was a big help to us in developing the structure of the Juntos Avanzamos designation, and that was very important to us. Now, we’ve kind of trimmed that down and made it easier for people to apply, but Coopera’s input was really important to us going back to Warren’s time, with the founder of Coopera.
And so Coopera really is an example, and, again, this is not a commercial, but it’s an example of really understanding organizations, those organizations that understand, I mean, the need for communicating with the Hispanic communities and our Hispanic populations. And we really need those. We need
to reach out through those organizations, again, NLCUP, Coopera, those others in our communities. Maria Martinez: One of the products I know that we use, but I know they don’t want to – well, I’m going to bring it up, because I think it’s a great tool for credit unions. Even if you don’t want to do anything else on your website, there is one that they
have, it’s called El Poder es Tuyo. And it’s something that you can put and you can link it on your website, and then your members that are Spanish speaking, they can at least get a feel of what’s involved in the financial industry within credit unions. And it’s a great service. I mean, it’s not very expensive, either, and I’m sure she can give you
a discount today if you sign up for it. You owe me for that. But at least it’s a tool that you can use within your website and promote to the Hispanics. If you don’t have anything else there’s a choice there. Bill Myers: So we’ll call this the end of the shameless promotion part of the webinar. But, Maria, we’ve
talked about reaching out to a specific audience and targeting that audience. Let’s talk more about that and about the relationships you need to make that work. Maria Martinez: Hispanics, they have this – they want this high-level service, and when they walk into your credit union they want to be treated
as a person, first of all, and we all want to be treated as a person. But they also, they bring with them all their relatives and all their compadres and all their family, anybody that’s around them. We noticed this when we established the VITA program, the Volunteer Income Tax Program. At first they would walk in,
hey, can you do my income taxes? And then they would say how much do I owe you? And you would say it’s free. Because they were so used to paying that in our community. So we started doing their income taxes, and they would say – they would ask us like two or three times, are you sure it’s free? Yes, it’s free. Well, later on they would come back like with five or
six compadres. They would bring all the neighborhood, because they wanted us to do their income taxes. I think it’s a cultural thing. They feel comfortable with you, they’re going to bring you their business. The VITA program, when we implemented that, it was more like a community service, a free service that we joined in with the IRS, but it’s
become such a great tool for us to recruit people into the credit union members. It’s just you’ve got to know how to treat the person so that they can bring others with them. And they’ll bring their kids. I know you had mentioned, Miriam, that if you have an account and your parents have an account they’ll come and open an account with you.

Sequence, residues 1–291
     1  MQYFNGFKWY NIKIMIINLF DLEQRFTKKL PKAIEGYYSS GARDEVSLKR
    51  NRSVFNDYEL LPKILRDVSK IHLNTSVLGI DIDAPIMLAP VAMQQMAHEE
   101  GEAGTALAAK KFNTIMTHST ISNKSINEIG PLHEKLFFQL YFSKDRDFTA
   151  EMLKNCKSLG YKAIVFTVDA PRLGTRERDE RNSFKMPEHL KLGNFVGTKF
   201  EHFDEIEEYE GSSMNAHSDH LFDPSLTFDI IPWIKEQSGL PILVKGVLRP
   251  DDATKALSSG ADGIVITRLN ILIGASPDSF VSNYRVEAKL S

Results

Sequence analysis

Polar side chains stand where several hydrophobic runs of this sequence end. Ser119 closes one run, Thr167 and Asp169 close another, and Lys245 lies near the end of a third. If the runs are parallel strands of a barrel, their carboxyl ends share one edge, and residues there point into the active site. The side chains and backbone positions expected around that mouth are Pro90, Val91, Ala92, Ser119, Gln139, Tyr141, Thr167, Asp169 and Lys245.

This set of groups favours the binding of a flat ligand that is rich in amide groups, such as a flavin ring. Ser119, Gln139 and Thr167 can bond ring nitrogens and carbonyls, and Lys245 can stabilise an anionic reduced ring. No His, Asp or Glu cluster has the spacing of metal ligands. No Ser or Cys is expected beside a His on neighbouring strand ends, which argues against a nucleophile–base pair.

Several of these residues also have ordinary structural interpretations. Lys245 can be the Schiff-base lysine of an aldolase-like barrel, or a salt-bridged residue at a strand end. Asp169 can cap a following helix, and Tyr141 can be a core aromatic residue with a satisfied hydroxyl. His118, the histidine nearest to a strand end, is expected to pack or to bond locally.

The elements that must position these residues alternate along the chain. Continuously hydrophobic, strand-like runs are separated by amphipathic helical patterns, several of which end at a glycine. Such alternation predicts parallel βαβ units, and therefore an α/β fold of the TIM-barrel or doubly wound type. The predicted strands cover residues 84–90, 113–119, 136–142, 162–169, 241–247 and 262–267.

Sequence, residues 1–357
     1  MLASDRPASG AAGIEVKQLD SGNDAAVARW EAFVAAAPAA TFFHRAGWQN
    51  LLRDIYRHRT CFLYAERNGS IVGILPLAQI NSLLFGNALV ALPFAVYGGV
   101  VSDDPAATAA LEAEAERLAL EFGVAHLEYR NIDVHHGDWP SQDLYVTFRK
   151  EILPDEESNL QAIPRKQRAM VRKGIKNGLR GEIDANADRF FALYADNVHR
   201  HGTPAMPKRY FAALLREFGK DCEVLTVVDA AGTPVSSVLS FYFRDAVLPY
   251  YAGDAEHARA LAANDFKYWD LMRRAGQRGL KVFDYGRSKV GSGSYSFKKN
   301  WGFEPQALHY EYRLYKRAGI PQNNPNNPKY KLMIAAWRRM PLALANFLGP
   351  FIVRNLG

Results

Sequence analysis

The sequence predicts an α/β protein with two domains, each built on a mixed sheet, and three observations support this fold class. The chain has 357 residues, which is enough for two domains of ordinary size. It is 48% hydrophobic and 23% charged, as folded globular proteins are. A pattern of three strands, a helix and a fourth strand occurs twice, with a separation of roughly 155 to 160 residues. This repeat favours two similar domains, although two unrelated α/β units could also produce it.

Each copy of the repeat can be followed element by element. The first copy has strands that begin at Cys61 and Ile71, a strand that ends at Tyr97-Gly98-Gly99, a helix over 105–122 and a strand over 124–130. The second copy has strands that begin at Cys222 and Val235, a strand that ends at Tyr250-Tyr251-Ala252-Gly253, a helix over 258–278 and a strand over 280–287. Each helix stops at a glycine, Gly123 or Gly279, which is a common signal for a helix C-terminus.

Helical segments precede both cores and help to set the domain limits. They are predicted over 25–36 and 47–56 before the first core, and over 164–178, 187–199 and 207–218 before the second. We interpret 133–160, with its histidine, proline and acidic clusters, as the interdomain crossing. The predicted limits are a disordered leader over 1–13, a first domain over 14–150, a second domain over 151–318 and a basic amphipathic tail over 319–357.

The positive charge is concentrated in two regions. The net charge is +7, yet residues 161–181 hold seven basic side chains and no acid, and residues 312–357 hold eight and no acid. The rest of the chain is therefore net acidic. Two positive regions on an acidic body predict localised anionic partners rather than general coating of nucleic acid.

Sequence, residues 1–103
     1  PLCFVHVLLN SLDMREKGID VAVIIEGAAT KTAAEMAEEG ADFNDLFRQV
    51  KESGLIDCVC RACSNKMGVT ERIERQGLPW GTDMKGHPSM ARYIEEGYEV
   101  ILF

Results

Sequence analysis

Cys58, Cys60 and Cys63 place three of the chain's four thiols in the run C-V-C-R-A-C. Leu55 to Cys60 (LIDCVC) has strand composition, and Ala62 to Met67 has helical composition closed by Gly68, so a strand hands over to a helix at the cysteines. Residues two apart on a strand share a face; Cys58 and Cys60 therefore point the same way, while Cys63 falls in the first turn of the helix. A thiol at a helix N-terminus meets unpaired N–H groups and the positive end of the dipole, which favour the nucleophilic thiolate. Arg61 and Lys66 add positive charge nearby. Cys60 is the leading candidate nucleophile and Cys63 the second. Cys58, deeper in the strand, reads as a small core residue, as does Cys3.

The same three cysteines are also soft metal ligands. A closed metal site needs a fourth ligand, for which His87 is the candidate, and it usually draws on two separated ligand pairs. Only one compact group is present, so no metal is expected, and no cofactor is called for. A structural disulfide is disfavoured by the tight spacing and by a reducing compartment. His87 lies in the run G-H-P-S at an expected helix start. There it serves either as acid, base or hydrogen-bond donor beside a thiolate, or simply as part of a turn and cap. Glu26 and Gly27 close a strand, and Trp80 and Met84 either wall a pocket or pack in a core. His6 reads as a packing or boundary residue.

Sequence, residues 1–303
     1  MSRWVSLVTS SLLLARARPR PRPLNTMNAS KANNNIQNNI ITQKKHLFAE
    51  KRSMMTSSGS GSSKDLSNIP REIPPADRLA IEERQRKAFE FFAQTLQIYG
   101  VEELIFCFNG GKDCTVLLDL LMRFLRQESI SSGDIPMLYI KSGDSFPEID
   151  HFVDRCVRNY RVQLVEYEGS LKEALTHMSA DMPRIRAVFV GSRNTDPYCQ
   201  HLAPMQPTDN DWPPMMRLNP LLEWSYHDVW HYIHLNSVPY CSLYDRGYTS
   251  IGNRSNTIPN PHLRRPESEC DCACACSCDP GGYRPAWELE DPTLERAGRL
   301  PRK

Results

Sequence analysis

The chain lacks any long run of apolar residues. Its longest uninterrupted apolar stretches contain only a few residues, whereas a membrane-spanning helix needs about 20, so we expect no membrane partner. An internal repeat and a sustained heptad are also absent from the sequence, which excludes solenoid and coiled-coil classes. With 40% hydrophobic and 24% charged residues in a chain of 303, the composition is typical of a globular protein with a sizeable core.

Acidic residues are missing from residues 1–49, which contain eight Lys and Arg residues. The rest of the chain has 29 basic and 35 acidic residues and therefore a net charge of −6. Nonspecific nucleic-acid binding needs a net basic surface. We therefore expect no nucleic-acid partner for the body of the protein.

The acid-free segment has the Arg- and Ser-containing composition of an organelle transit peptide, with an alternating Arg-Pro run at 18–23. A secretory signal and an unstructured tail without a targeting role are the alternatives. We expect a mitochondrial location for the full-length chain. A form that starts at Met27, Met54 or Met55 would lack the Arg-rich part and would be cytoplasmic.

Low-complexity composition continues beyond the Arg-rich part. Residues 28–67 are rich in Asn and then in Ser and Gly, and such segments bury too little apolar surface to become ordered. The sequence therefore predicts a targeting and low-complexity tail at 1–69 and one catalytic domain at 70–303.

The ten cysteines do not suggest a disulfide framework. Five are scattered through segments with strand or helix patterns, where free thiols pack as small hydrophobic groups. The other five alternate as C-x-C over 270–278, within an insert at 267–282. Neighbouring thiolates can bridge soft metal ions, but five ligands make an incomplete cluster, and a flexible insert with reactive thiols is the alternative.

So you’ve got to look for those tools that will bring those people in, not just them but their families. And a lot of the times they’ll come with their kids. So now you need the youth accounts also, because the kids are the ones that are translating for them. So the kids, they know both languages, but the person does not know English, so they bring the kids. So now
you can cross-sell them, cross-sell them the debit card for college, cross-sell them other tools that you have within the credit union. And they like that. They feel comfortable with it. Miriam De Dios: I would say that at the end of the day, I mean, Latinos are interested in all of our products and services at the credit union. And certainly there’s segments where some products
are going to be a little bit more attractive initially. So we go back to the unbanked, that first generation group, they’re going to look at some of the remittances. They’re going to look at prepaid reloadable cards. They’re going to look at specialized savings programs for immigration expenses, potentially, or for quinceañeras. But at the end of the day we all want to
achieve that American dream and own that home and get that car, and those services all will come in handy at some point in time. Maria Martinez: And know the holidays. Know that Mother’s Day in Mexico is like a big thing. Everybody buys a gift for mom. So if you do like a special promotion do it for Mother’s Day. Here you probably
wouldn’t think anything for Mother’s Day, but Mother’s Day might be a big event for them, and then they come and borrow money. They want to buy mom that big TV that she wants, well, then, do the promotion for Mother’s Day. And remittance services, too, that comes in handy, too. Bob Peterson: The first time I saw someone
spend in excess of $20,000 on a quinceañera I knew there was an opportunity there in that market. And so it’s quinceañeras, it’s cumpleaños, it’s bodas, it’s a whole multitude of things, to that point. We went so far also as to, and talking about relationships and selling upfront, we had an arrangement with the